The Singer x Tuthill ACS Porsche 911
Last but certainly not least is a bonkers collaboration between Californian custom Porsche builders Singer Vehicle Design and Tuthill Porsche, an engineering company from Oxfordshire, UK, that specialises in bespoke Porsche 911 restorations. While both Singer and Tuthill are experts in their field, the two have joined forces for a very special client for not one but two mind-blowing Porsche 911s. One of those two, the Singer x Tuthill ACS is built for some serious offroading, while its counterpart is aimed towards on-road hooliganism. The cars were first revealed a couple of years ago, but Top Gear recently had the unique chance to thrash around in the ACS.
The Singer x Tuthill ACS is based on an air-cooled 964-generation Porsche 911 (originally built between 1989 and 1994) and extensively modified into a desert raid car. It has seriously lifted rallying suspension, huge offroad tires from BF Goodrich, an integrated FIA-spec roll cage, carbon fibre bodywork and so on. The engine has been modified as well, and the 3.6-litre twin-turbocharged flat-six pumps out roughly 450bhp. Permanent all-wheel drive will (hopefully) keep you pointed in the right direction, with the integrated rear spoiler pushing the back wheels into the dirt for added grip and stability.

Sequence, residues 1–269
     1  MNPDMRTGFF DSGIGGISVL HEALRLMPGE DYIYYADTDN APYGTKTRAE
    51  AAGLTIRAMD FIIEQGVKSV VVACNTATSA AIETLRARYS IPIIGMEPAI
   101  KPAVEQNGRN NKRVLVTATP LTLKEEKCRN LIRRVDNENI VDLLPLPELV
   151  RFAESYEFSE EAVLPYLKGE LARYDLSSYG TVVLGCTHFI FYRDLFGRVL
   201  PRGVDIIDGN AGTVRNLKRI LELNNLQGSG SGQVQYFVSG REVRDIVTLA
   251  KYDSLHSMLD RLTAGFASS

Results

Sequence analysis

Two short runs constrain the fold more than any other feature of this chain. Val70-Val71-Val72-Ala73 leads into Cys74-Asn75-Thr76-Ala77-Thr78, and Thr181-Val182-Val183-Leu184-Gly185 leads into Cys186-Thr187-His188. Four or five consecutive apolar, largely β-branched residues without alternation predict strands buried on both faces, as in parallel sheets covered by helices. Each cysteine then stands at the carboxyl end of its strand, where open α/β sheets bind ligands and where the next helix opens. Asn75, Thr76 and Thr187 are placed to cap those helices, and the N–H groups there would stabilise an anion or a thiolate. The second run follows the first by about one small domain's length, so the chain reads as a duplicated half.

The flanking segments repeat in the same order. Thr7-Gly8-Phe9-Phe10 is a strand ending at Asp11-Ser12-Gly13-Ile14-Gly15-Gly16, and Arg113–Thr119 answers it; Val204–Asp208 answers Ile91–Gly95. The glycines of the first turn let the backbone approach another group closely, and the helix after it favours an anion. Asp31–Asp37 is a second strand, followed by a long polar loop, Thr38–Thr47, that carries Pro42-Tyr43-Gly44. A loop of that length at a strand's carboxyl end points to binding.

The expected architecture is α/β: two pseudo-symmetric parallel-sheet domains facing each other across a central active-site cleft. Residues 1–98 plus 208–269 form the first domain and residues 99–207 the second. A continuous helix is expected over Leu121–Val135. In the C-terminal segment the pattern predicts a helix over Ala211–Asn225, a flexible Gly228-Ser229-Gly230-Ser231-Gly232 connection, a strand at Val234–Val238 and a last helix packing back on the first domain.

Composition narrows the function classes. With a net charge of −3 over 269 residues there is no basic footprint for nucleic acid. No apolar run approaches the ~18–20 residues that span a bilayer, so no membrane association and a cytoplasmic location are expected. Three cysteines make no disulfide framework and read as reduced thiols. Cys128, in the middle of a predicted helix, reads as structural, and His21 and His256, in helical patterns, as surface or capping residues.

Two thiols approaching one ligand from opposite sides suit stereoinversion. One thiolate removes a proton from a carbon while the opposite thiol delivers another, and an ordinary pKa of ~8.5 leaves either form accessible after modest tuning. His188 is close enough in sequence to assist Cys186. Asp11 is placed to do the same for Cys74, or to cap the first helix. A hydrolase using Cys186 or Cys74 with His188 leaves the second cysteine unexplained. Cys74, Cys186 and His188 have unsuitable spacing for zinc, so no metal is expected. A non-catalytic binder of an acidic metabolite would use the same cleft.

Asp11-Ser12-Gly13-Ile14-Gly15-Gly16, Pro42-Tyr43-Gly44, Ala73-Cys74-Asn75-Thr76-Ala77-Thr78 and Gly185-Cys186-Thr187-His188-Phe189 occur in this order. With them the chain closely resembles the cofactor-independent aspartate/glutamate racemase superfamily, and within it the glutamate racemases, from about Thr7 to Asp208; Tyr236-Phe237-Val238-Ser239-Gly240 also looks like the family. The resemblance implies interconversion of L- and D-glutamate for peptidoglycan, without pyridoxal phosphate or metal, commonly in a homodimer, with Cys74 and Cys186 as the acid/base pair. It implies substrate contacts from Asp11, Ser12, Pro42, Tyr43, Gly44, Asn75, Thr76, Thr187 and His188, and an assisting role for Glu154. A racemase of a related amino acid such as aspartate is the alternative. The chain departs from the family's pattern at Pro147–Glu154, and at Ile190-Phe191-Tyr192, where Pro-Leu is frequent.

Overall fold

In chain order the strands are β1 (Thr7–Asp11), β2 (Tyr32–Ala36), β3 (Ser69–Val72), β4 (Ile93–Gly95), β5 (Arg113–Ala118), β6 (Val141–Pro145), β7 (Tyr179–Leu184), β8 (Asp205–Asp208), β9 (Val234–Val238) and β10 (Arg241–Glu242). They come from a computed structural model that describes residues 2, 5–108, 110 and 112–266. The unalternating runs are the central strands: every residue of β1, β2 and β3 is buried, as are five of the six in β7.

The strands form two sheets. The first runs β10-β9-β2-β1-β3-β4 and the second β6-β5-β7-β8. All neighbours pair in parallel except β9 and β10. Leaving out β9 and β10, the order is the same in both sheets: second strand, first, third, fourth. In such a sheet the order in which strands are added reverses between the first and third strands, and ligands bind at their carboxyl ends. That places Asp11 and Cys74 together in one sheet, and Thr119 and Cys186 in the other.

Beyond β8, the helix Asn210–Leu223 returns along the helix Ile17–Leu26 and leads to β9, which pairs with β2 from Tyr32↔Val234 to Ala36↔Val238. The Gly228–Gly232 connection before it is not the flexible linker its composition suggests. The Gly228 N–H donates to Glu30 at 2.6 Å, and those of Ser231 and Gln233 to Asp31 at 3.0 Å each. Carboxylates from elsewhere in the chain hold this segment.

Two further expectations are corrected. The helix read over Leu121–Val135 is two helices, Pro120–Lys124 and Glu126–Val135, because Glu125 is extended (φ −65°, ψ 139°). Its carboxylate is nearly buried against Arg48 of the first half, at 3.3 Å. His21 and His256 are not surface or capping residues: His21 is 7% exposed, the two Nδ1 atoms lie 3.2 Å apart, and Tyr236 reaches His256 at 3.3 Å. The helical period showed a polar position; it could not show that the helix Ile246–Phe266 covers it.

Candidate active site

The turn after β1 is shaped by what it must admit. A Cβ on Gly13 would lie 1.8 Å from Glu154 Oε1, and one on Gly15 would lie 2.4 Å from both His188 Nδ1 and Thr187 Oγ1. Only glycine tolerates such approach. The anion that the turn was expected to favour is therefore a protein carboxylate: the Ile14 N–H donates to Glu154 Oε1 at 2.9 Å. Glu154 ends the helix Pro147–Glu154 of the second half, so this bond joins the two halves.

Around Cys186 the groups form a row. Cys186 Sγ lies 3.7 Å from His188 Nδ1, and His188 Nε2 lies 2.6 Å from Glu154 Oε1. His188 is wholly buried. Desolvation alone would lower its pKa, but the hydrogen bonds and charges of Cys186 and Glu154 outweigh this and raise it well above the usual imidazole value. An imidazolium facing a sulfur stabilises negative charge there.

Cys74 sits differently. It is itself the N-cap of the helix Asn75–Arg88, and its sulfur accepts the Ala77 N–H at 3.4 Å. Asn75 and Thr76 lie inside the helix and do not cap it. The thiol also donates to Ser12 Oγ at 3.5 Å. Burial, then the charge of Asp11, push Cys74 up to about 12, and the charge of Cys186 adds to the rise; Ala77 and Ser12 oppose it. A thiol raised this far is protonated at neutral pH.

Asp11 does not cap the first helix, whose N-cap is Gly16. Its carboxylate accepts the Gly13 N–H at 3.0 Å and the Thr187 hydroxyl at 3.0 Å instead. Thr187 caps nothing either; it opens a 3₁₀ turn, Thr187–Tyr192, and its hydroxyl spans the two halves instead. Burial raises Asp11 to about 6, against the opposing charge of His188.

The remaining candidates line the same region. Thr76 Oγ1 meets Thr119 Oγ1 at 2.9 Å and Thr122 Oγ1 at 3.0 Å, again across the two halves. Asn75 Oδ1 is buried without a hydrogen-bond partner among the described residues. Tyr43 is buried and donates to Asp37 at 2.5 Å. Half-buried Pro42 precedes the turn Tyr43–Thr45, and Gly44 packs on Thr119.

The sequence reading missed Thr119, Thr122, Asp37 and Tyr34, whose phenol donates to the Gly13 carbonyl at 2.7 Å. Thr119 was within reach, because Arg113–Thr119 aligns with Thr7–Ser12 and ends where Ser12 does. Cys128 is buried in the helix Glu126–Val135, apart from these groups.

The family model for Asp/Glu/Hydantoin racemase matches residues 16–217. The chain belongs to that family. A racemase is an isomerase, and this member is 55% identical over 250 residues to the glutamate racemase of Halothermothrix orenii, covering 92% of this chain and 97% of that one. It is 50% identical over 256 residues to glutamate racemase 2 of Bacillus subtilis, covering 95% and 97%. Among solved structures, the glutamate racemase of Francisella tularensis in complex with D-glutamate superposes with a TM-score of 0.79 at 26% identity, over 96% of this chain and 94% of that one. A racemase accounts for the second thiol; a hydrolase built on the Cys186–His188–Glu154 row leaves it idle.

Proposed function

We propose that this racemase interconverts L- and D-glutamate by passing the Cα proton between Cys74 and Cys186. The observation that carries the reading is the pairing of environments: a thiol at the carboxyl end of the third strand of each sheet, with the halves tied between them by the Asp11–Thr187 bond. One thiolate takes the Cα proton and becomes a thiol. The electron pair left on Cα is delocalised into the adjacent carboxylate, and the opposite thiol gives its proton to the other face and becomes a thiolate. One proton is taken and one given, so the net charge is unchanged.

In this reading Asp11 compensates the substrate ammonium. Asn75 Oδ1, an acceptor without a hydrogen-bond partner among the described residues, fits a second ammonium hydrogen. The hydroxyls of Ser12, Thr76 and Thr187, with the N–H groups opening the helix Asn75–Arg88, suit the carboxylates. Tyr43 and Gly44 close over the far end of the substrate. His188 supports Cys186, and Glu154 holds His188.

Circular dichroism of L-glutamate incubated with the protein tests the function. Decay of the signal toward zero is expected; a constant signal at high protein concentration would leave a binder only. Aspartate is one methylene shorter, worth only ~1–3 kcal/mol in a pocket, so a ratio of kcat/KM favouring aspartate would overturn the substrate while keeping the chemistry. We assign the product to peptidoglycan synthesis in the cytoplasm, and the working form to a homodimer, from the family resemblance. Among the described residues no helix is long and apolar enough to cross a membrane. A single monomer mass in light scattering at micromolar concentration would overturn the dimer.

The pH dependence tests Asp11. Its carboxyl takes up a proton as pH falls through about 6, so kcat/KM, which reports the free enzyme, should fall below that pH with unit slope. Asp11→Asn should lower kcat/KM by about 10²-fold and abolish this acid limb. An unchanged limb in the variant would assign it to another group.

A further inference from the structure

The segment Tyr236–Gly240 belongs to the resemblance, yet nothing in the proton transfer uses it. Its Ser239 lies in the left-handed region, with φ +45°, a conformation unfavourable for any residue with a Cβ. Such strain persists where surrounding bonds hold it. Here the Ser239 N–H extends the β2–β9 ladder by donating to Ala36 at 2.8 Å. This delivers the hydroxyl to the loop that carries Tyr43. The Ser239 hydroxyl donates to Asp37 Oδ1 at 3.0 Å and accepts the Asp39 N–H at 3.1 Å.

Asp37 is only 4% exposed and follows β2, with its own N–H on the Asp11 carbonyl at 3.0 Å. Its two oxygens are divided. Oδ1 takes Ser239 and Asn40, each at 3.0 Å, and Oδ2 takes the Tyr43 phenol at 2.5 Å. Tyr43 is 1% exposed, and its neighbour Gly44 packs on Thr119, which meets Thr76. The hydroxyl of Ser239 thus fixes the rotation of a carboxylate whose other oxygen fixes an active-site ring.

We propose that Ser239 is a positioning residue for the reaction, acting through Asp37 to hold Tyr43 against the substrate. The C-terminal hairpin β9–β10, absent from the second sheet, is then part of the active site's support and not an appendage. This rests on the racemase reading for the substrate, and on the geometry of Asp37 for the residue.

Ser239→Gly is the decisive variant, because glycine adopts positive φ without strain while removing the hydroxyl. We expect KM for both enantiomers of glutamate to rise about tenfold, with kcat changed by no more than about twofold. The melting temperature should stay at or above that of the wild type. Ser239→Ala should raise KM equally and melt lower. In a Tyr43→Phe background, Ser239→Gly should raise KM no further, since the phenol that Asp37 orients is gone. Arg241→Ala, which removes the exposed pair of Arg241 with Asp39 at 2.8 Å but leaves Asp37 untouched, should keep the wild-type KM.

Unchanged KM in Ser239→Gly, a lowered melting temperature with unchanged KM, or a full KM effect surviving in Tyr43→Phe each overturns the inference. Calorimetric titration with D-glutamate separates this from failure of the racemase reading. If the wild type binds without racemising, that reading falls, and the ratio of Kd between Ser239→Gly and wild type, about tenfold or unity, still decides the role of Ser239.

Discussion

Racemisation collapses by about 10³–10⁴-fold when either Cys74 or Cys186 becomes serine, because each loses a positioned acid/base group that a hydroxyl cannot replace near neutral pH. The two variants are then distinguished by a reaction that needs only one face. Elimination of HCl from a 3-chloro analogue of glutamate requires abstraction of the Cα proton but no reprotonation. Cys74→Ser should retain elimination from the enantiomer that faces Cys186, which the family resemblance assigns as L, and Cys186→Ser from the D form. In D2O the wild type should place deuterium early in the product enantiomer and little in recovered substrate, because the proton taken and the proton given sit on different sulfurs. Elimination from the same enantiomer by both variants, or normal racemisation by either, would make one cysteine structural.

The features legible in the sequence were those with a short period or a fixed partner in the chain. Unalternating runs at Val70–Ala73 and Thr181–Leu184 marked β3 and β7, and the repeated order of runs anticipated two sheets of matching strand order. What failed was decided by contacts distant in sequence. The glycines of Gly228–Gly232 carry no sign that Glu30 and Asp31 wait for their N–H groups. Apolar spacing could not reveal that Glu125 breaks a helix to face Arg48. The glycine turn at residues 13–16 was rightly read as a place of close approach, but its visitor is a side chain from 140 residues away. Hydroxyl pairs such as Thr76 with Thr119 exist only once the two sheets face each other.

On the inside, the madness continues with a neon-orange and black paint scheme, racing seats, a gear stick to punch through the gears and a hydraulic handbrake to throw the cars in an endless drift whenever you want. Since it was first released, some changes have been made, as the extended flaps on the front bumper have been removed. The images portray the car when Top Gear first covered it, while the video has been shot quite recently. Ever since it was released there have been some legality issues with Porsche regarding this car, mainly focussing on Porsche branding, and some changes have been made to it to comply. While such cars are reserved for the ultra-rich only, I applaud the fact its owner doesn’t treat it as a garage queen and allows Top Gear to share this masterpiece with the rest of the world!